The Board has had the
amendment to Regulation Q under consideration since it was first
proposed in March 1976. The
proposal was revised and issued
for further comment in February
of this year.

Thirty days' notice

Banks that choose to offer
automatic funds transfer service
are required to call to the attention of depositors the fact that-

as in the past-they reserve the
right to require 30 days' notice
of withdrawals from savings accounts.
Federal Reserve Bank of St. Louis

New time certificates permitted
Higher permissible
interest rates

Banks may
now offer
customers two new time cer-

tificates at interest rates higher
than rates permitted in the past.

Money market

The ceiling rate on one of
the new instruments, a nonnegotiable short-term money market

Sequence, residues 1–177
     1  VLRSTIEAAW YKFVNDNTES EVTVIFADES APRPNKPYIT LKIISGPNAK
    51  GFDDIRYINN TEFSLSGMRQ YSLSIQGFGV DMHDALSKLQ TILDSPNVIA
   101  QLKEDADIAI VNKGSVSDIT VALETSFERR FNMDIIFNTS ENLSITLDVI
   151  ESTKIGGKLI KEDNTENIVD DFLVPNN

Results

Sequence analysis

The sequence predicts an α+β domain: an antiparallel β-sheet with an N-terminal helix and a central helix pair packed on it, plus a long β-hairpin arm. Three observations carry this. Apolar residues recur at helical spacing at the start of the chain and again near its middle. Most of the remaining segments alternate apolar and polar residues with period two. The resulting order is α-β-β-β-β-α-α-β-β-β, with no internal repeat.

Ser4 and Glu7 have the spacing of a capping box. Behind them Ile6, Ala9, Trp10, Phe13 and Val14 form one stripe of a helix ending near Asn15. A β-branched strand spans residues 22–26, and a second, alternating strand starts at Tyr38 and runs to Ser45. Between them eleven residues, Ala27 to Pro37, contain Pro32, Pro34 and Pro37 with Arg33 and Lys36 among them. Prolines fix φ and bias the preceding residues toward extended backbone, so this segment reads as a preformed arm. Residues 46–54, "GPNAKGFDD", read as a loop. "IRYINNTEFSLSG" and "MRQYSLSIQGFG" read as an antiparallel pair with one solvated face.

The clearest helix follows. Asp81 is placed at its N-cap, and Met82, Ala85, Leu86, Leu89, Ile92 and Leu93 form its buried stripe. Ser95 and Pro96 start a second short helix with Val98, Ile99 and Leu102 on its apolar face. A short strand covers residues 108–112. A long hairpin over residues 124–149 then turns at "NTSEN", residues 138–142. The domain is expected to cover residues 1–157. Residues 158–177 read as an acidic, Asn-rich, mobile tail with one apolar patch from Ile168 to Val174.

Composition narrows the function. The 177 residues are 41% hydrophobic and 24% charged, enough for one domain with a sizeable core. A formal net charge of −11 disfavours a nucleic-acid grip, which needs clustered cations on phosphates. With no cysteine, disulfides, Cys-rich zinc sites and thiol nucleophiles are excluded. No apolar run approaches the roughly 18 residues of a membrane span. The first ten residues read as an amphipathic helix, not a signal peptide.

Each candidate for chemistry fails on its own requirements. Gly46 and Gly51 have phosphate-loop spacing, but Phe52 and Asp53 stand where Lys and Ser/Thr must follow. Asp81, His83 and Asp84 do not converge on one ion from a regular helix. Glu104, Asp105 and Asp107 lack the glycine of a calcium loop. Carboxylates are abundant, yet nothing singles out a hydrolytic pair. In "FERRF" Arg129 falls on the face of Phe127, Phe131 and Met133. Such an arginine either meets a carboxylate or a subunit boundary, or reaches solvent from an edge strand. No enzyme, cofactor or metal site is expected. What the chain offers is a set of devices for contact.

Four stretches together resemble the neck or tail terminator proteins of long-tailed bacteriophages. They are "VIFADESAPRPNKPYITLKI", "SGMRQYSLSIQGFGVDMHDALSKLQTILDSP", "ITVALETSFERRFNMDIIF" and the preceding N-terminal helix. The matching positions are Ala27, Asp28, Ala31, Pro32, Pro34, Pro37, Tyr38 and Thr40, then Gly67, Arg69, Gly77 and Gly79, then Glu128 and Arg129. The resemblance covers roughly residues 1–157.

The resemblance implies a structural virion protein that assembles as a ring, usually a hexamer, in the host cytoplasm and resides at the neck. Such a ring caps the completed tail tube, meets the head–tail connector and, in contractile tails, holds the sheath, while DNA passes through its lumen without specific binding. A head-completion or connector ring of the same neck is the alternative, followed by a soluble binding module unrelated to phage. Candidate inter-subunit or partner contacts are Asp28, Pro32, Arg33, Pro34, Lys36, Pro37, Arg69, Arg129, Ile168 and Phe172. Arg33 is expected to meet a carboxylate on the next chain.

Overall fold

certificate, will equal the average
yield on six-month Treasury bills
issued in the Treasury's most recent weekly auction. The money
market certificates must be issued
in minimum denominations of
$10,000 with a six-month ma-

Treasury bills are normally
auctioned on Monday and issued
on Thursday. The ceiling rate at
which new money market certificates may be issued will be adjusted each week effective on the
day the new six-month Treasury
bills are issued.


The other new instrument is
an eight-year certificate with a
fixed maxim um rate of interest
of 7-3/4 percent. The eight-year
certificates may be issued in minimum denominations of $1,000.
The new instruments were
created by joint action of the
Federal Home Loan Bank Board,
the FDIC and the Federal Reserve Board. Ceiling rates savings
and loan associations may pay on
the instruments are a quarter of a
percent higher than those banks
may pay. The three bodies also
moved the maximum rate that